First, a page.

We’re told that Finland is financially illiterate, so much so that the central bank is desperately trying to teach people how to count their money. We’re also told that Finland is the happiest country on Earth. Thus, ineluctably, we are drawn to the conclusion that financial illiteracy is the path to happiness.
Somehow the Telegraph manages to get the logic the wrong way around here:
The key to happiness is financial literacy, say the Finns
Well, we could believe that, certainly. The sort of literacy that tells us that we rich nation peeps are living higher on the hog than any group of humans ever have done would create, we would hope at least, a certain warm contemplation. That anyone with the mortgage paid off and a reasonable pension pot is among the global 1% in terms of wealth. That getting just a little above the median wage puts us into the top 1% by income. We’re privileged, hugely so, winners of that lottery ticket of life.
The thing is, that’s not actually what Finland is saying at all:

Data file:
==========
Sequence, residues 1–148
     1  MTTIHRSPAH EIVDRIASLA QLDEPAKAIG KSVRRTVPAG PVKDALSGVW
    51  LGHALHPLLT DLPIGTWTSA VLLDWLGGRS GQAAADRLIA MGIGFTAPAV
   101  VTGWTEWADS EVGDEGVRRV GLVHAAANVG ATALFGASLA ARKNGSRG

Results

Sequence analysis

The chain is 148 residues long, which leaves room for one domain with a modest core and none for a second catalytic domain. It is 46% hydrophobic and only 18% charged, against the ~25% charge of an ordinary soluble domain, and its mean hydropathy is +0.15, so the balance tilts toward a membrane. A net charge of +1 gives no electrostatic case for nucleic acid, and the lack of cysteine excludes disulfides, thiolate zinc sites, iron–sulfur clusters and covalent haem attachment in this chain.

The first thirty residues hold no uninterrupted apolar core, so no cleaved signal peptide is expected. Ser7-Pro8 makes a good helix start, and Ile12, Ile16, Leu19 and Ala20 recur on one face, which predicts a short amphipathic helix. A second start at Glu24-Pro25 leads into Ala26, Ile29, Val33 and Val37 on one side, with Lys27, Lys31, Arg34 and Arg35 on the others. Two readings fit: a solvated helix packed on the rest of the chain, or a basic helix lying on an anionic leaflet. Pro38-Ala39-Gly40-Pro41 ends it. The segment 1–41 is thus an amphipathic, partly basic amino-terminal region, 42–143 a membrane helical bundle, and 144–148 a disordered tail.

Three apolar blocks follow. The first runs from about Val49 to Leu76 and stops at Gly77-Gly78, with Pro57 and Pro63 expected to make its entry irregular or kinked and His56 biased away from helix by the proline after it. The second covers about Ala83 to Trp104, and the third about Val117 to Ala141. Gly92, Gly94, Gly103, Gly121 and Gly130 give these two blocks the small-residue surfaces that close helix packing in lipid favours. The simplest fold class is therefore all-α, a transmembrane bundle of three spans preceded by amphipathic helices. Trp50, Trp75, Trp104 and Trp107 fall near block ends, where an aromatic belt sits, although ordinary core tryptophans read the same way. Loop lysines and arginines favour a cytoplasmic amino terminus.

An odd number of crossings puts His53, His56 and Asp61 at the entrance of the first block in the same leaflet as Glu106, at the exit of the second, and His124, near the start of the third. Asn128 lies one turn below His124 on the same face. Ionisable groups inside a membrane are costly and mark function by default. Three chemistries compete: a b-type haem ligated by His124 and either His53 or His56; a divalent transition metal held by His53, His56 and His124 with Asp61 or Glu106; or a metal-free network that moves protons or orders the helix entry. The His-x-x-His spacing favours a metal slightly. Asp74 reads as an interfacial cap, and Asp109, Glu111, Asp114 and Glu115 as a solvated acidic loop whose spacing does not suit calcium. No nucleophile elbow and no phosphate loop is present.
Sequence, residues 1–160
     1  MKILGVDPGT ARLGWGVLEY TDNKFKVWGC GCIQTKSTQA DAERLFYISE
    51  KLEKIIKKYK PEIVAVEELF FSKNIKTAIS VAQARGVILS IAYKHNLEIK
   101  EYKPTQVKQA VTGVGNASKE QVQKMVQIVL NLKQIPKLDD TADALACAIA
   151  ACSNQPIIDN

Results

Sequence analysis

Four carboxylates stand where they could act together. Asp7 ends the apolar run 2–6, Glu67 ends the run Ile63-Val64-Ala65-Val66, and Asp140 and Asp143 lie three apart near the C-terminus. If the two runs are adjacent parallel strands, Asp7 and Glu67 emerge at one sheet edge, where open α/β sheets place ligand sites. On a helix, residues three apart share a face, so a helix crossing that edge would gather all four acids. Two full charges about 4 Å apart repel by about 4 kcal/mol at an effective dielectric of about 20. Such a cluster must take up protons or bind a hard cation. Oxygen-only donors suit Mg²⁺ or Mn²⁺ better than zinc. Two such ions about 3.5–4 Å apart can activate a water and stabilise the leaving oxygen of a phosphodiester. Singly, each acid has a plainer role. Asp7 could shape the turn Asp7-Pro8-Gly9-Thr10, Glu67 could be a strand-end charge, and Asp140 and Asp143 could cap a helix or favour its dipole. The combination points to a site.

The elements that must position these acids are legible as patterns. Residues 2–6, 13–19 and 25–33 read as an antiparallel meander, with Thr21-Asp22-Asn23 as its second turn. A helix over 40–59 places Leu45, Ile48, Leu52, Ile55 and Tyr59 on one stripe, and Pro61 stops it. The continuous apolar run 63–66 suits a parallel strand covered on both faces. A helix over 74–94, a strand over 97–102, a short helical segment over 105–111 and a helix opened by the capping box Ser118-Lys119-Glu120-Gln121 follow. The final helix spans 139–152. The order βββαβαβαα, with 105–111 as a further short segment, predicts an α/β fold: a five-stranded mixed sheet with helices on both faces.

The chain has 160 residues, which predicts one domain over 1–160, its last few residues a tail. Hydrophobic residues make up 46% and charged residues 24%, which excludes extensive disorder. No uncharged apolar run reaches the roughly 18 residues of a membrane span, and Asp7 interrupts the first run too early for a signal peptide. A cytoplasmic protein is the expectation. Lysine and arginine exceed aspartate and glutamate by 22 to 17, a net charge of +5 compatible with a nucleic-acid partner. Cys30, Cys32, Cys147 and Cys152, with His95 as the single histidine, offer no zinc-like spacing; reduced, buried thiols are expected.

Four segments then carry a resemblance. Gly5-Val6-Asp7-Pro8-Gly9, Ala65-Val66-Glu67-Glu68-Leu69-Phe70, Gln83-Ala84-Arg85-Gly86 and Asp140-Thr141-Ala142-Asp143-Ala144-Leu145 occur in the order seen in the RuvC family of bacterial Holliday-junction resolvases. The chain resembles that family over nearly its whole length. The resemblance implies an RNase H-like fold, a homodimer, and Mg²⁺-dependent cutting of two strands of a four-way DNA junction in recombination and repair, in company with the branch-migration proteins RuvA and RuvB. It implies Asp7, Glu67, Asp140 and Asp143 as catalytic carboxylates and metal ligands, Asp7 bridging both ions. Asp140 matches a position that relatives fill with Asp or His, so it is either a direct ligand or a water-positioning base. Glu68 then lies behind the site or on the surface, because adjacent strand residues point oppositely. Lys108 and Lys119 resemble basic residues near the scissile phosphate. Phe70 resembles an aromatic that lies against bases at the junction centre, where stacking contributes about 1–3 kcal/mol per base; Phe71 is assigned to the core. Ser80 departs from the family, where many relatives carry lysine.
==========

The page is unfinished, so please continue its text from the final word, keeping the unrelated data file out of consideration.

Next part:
New forms of loans offered outside the traditional banking sector have also made borrowing easier and more attractive. The Finnish Competition and Consumer Authority said last year that the practice of taking out new instant loans to service old debts had become more common.
“This development creates risks for individuals and the national economy alike,” said justice minister Anna-Maja Henriksson.
OK, dangerous credit boom.
The central bank has responded with a project to improve financial literacy. “By setting common objectives and coordinating the activities better, we can improve the financial literacy of Finns more efficiently,” said its governor Olli Rehn. “Financial literacy is a key civic skill.”
The central bank is desperately trying to improve financial literacy. And, yes, the nation is recorded as being the happiest on the planet.
It does have to be, therefore, that the Telegraph has got the headline the wrong way around. It’s financial illiteracy which leads to happiness, no?